But let us get back to the basic premise of his political narrative, which is “people” assuming the judicial, legislative and executive power. Let us see how Arvind Kejriwal wants to implement it
“What we have started to understand is that the law of the land must empower the citizens so that instead of making complaint against the theft of ration, the people themselves could punish the shopkeeper…….
Can this happen? Can one hundred and twenty crore people of this country be empowered to take judicial decisions?”
Since we have now assumed that all the ration keepers cheat, all school teachers are errant and all doctors are rude, it is but imperative that the "people" or the people’s committees (gram sabhas) should have the power to "punish" them "directly". Novel isn’t it? (Watch this video from my hometown where a group of people, along with local politicians assume this responsibility, as they assault the Doctor at a Medical college, for what they believe is a lapse on his part.) Is this not what was implemented decades ago in West Bengal where Communist led ‘peoples' committees’ took over Government machinery and had their hands into everything from distributing ration to adjudicating property disputes? If this were a panacea why is West Bengal in such pathetic state?
Romantically, it would be easy to assume that people are the best judges, as Arvind Kejriwal does. For starters, this entity named “people” is not a disembodied entity. It's ability to make decisions is easily colored by emotions, manipulated by influences, lured by greed, driven by prejudices and easily carried away by what is called ‘mob mentality’. I am perplexed that it did not occur to Kejriwal that it was because of the excesses and brutality of mob justice that a more enlightened way of solving problems took shape in the form of an independent judicial system. This system has refined itself over centuries of ideas and thinkers. And yet, it is hardly any perfect, we have instances of corrupt judges, delayed justice and manipulation. We indeed need to plug these gaps, fix leakages, fine tune and innovate continuously and also be open to substantial changes to make it better. But should the problems give us an excuse to propound dismantling the system back to the Stone Age? Should the baby be thrown out with the bathwater? Is Arvind Kejriwal'a model not a perfect recipe for the Khapization of Indian Republic?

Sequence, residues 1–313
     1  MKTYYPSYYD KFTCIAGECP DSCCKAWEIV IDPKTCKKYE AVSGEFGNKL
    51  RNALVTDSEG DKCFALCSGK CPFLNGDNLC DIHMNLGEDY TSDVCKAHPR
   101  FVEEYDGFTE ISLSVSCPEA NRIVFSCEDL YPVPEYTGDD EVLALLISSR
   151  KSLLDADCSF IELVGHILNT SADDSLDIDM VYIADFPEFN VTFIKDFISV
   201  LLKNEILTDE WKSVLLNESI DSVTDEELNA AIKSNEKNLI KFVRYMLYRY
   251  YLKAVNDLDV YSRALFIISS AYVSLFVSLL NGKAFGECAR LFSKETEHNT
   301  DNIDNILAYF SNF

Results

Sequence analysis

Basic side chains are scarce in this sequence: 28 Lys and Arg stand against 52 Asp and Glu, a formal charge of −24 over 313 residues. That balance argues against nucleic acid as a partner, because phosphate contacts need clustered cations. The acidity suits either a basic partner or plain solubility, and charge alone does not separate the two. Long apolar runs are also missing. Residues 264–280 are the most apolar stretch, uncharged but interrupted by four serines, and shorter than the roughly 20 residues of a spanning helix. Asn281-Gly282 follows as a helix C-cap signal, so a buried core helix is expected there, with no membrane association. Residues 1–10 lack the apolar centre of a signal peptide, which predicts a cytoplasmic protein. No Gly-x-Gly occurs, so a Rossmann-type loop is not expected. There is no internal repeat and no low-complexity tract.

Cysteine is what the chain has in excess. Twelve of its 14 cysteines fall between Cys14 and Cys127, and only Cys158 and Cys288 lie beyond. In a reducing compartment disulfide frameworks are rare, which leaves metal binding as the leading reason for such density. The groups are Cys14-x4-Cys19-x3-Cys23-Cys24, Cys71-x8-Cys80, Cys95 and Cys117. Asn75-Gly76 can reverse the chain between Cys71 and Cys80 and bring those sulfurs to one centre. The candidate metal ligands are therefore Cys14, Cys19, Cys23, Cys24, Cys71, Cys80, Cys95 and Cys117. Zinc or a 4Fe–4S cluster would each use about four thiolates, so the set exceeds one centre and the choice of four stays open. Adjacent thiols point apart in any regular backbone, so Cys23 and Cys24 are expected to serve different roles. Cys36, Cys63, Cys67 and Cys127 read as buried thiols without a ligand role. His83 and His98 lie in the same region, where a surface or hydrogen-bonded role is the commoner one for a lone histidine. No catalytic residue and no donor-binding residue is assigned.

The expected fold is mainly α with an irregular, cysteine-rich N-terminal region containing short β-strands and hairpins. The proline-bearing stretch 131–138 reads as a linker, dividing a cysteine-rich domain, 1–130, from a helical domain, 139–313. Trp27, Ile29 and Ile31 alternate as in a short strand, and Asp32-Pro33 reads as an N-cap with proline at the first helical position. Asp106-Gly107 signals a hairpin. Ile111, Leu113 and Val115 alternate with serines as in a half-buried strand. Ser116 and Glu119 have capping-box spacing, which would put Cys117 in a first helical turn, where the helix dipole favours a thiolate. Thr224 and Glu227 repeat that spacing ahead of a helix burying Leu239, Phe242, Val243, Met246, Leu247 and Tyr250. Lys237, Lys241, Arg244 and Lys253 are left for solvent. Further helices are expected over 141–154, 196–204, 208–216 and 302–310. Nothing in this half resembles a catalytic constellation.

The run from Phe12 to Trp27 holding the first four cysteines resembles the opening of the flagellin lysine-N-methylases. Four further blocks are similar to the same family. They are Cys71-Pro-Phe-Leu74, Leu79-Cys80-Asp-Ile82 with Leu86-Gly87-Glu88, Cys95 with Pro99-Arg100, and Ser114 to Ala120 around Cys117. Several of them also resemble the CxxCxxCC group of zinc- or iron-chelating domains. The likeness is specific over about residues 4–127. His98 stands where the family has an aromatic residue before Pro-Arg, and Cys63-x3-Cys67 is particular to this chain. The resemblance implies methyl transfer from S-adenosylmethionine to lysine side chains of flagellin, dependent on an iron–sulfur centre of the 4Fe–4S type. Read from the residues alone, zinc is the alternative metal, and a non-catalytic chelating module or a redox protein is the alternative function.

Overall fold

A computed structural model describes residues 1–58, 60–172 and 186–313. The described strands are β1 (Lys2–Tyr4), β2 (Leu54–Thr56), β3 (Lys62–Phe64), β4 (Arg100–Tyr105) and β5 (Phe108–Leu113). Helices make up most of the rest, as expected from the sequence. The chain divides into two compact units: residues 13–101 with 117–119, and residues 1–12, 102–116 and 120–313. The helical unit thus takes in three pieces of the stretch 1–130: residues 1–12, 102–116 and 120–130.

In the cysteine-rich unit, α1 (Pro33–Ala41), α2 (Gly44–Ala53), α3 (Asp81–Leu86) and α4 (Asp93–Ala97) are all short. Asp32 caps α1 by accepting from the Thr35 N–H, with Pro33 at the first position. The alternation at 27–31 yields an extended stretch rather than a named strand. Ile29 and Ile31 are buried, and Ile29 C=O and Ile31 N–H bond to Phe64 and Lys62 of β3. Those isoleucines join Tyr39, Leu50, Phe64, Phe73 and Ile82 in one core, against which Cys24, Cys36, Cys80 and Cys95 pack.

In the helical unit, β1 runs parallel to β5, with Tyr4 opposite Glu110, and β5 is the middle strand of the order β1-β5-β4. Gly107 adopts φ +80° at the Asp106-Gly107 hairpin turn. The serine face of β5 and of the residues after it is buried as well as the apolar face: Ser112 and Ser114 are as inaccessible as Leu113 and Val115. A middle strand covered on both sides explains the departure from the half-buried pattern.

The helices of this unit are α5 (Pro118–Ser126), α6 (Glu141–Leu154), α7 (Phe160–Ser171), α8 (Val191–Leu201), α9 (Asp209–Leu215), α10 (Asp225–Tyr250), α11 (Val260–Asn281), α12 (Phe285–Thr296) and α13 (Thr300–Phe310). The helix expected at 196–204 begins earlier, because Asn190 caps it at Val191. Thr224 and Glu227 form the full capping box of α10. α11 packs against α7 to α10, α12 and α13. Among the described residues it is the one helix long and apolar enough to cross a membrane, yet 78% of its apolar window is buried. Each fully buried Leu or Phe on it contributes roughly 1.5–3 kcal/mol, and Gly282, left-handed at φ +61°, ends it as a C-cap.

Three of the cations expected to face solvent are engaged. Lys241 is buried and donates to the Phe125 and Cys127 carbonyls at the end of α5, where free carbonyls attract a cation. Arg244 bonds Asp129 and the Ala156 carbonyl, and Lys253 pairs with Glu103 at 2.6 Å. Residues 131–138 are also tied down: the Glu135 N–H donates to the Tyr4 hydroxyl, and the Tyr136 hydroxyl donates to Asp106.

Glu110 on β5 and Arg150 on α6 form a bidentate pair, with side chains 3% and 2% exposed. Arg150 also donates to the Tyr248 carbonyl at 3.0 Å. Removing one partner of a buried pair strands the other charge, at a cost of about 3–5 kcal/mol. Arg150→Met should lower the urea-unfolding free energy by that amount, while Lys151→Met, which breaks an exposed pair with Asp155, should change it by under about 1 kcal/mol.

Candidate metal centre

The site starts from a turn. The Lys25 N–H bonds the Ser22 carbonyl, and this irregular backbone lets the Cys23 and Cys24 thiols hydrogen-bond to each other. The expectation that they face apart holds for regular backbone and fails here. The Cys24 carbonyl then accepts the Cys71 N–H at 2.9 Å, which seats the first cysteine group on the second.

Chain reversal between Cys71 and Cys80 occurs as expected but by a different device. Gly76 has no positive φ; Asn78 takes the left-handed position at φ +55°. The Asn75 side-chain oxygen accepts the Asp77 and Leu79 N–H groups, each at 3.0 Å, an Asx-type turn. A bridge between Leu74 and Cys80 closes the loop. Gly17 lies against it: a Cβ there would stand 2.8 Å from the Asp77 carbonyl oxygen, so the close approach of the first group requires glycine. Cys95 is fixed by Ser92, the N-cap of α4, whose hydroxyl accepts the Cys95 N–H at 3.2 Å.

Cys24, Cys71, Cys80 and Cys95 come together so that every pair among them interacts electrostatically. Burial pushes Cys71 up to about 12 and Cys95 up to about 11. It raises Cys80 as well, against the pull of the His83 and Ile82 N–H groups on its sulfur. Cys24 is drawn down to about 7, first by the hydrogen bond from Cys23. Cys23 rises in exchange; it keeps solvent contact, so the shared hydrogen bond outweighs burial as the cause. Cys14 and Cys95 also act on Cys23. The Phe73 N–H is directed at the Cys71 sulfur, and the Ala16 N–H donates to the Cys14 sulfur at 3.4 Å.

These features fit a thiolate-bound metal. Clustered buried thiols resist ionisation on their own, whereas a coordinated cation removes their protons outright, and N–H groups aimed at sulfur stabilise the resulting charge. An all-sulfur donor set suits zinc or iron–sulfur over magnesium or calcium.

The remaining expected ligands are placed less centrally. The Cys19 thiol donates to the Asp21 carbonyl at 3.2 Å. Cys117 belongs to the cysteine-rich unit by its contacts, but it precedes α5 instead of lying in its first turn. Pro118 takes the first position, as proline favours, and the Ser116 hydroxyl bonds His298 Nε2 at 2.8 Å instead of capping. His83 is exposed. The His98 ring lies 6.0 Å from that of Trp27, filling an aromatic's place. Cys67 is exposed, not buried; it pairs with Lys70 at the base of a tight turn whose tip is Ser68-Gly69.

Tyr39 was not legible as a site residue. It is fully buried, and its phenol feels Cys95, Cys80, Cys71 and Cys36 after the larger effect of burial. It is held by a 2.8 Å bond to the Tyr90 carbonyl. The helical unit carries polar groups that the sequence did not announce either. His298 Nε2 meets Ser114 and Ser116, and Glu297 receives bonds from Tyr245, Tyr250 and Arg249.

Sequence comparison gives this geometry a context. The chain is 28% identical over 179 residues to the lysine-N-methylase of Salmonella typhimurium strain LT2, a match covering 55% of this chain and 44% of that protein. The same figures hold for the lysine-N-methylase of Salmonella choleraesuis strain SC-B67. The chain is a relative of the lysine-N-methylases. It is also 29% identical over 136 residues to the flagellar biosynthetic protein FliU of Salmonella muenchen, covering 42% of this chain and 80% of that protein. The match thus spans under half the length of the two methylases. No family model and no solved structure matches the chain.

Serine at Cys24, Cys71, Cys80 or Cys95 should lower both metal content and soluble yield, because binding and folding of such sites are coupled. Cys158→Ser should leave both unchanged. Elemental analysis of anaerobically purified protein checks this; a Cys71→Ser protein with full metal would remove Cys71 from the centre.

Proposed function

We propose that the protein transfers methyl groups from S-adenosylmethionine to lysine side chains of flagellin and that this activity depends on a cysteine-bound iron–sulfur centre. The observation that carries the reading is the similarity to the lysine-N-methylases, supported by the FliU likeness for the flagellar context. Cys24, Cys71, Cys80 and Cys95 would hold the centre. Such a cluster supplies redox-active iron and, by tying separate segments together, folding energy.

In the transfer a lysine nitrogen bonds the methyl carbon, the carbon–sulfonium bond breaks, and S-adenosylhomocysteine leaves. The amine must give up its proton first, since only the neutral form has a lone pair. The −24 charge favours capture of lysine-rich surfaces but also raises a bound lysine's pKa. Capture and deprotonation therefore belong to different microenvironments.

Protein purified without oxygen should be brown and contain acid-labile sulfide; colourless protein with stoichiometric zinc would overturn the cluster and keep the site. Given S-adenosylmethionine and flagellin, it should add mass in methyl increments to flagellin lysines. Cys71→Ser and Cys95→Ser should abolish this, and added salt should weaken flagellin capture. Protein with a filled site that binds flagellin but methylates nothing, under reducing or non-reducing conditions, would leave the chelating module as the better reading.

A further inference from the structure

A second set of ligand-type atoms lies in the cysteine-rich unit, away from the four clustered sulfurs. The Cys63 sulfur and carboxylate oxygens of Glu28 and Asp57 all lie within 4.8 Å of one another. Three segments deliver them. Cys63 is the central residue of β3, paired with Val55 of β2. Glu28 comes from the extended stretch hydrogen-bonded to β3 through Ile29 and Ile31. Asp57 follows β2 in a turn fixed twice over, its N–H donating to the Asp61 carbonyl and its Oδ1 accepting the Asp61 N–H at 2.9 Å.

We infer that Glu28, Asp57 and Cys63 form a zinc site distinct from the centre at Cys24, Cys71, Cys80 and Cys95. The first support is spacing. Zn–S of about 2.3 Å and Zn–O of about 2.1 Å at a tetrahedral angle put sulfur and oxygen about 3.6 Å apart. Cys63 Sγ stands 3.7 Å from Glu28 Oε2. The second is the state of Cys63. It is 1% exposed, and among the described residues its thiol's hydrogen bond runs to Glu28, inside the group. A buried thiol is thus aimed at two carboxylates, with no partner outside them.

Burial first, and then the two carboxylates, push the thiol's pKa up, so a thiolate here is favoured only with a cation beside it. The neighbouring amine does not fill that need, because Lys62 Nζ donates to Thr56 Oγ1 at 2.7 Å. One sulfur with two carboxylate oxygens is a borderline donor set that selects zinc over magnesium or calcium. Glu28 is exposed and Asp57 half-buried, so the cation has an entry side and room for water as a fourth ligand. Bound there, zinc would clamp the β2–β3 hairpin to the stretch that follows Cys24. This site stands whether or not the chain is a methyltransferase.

The book is full of blatant errors and bald assertions. For instance, the Beladila iron ore of Chattisgarh, we are told, is in Karnataka. But let us overlook such small errors and also those incredible case studies he presents to bolster his point, many of which do not care to even name the people, place and time, as if they were nameless, timeless myths. Like for other mythologies, let us concentrate on the ideas and not the form that encapsulates them.
Like many other Leftist leaders of the last and current century, Kejriwal finds everything "rotten". And unlike a genuine social worker who diagnoses deficiencies and offers granularity to problems, he chooses panaceas and a black-and-white view of the world, where there are ‘chors’ and there are ‘aam admis’. And naturally when this happens, the only possible forms of intervention that one can come up with are finger pointing, blaming everybody else and protesting, exactly the things we have seen from Kejriwal and his team in the last few months. His book, as his politics, is in every way a version of the binary Leftist ideologies of the twentieth century, in a new cover and binding. So much for all the talk of novelty and a promise of alternative politics in India.